11. Dr. Peter Singer, address to the AFCEA C4ISR Symposium, San Diego, CA, 27 April 2017.
12. Quoted in Lolita Baldor, “Military Wants to Fly More Sophisticated Drones,” Associated Press, 4 November 2010. General Breedlove’s statement has been echoed repeatedly, with U.S. Air Force officials noting they do not have enough operators to field all the UASs in the Air Force inventory.
13. “Why ‘Unmanned Systems’ Don’t Shrink Manpower Needs,” Armed Forces Journal, 1 October 2011.
14. Michael Fowler, “The Future of Unmanned Aerial Systems,” in Global Security and Intelligence Studies, vol. 1, no. 1, digitalcommons.apus.edu/gsis/vol1/iss1/3.
15. Azim Shariff, Iyad Rahwan, and Jean-Francois Bonnefon, “Whose Life Should Your Car Save?” The New York Times, 6 November 2016. See also Aaron Kessler, “Riding Down the Highway, with Tesla’s Code at the Wheel,” The New York Times, 15 October 2015.
16. The 12 November 2017 New York Times Magazine was devoted to the issue of driverless cars, sporting the cover title, “Life After Driving.” That optimistic lead-in was followed by a spate of articles raising a wide-range of concerns regarding how a future with driverless cars would play out.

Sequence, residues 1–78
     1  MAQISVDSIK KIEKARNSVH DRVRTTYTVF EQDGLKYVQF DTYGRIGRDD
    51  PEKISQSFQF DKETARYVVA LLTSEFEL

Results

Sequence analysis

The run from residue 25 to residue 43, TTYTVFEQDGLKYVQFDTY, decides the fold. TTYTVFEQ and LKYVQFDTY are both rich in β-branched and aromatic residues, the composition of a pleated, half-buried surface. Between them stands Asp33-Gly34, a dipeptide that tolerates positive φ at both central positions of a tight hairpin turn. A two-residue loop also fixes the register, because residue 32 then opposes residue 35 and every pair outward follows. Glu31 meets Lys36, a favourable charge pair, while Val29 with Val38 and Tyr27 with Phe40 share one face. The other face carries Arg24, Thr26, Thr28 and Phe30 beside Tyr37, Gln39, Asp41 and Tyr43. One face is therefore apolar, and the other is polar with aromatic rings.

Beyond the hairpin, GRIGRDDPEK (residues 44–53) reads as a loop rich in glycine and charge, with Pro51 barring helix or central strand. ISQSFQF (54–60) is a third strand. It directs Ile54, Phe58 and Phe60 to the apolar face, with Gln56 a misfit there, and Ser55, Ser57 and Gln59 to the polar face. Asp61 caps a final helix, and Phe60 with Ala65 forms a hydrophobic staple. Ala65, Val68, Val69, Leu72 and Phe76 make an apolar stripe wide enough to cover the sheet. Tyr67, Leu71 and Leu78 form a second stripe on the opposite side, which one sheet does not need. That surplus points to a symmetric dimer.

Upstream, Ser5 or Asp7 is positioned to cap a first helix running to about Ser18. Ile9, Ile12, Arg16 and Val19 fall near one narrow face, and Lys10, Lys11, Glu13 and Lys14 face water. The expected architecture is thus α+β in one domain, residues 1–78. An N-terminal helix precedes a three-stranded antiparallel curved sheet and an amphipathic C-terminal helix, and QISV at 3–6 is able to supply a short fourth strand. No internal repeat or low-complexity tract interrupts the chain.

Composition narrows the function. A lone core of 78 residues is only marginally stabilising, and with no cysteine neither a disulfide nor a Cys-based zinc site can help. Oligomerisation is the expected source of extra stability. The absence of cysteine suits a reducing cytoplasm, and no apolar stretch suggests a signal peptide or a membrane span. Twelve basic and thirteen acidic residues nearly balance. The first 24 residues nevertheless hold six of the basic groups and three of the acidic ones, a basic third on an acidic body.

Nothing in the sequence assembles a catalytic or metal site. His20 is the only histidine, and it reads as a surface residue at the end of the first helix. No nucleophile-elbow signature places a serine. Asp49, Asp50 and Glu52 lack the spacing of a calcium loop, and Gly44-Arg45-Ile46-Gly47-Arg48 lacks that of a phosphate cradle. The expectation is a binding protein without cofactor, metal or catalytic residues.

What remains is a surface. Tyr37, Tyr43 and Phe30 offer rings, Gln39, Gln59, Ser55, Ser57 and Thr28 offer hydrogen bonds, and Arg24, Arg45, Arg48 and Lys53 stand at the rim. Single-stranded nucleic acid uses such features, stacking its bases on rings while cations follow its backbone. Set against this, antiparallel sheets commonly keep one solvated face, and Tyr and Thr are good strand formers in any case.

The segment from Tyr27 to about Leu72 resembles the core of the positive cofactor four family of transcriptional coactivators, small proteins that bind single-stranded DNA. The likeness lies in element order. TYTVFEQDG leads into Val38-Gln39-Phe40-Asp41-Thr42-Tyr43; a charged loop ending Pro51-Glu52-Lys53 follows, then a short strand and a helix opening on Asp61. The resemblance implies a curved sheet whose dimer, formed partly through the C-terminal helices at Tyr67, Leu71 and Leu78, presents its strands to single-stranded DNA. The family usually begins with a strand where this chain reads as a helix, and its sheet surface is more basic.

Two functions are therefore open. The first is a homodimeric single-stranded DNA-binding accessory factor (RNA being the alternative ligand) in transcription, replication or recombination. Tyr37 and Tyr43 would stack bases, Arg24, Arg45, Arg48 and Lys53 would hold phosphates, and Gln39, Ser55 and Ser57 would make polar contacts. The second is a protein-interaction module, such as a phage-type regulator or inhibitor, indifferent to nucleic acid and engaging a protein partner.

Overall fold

17. A former vice chairman of the Joint Chiefs of Staff complained that a single Air Force Predator can collect enough video in one day to occupy 19 analysts, noting, “Today an analyst sits there and stares at Death TV for hours on end, trying to find the single target or see something move. It’s just a waste of manpower.” Ellen Nakashima and Craig Whitlock, “Air Force’s New Tool: ‘We Can See Everything,’” Washington Post, 2 January 2011.
Captain Galdorisi is a career naval aviator who began his writing career in 1978 with an article in Proceedings. He has written 13 books, including the best-seller Tom Clancy Presents: Act of Valor, the novelization of the Bandito Brothers/Relativity Media film, as well as the Naval Institute Press book, The Kissing Sailor, which proved the identity of the two principals in Alfred Eisenstaedt’s famous photograph. His latest projects include a reboot of the Tom Clancy Op-Center series, as well as a series of Rick Holden military thrillers, starting with The Coronado Conspiracy.